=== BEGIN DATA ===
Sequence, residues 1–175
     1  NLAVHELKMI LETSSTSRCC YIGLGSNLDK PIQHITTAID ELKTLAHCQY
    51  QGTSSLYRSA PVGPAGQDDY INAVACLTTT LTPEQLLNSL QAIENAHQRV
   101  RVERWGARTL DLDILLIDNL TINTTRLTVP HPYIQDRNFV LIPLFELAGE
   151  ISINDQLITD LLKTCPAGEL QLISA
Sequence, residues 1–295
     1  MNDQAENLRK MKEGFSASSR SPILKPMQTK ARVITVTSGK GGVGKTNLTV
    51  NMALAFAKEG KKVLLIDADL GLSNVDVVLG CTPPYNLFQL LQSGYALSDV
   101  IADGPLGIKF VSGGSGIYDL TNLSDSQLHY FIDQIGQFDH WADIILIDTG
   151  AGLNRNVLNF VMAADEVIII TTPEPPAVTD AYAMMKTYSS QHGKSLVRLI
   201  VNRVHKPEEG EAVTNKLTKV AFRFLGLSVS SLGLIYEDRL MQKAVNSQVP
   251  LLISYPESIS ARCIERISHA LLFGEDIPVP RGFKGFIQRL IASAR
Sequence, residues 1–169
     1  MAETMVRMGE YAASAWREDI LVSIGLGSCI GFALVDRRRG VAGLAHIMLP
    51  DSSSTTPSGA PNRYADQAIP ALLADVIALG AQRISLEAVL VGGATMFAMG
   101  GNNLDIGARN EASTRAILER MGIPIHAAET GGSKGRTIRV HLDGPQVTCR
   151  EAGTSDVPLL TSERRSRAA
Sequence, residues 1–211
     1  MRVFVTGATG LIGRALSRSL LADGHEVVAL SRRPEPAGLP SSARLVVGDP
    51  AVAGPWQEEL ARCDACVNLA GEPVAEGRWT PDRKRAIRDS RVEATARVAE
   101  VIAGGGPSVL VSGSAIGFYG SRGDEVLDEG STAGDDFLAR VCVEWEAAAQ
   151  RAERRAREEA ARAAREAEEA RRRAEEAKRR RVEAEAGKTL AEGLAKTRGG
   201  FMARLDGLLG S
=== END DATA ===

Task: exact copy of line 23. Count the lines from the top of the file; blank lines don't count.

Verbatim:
   201  FMARLDGLLG S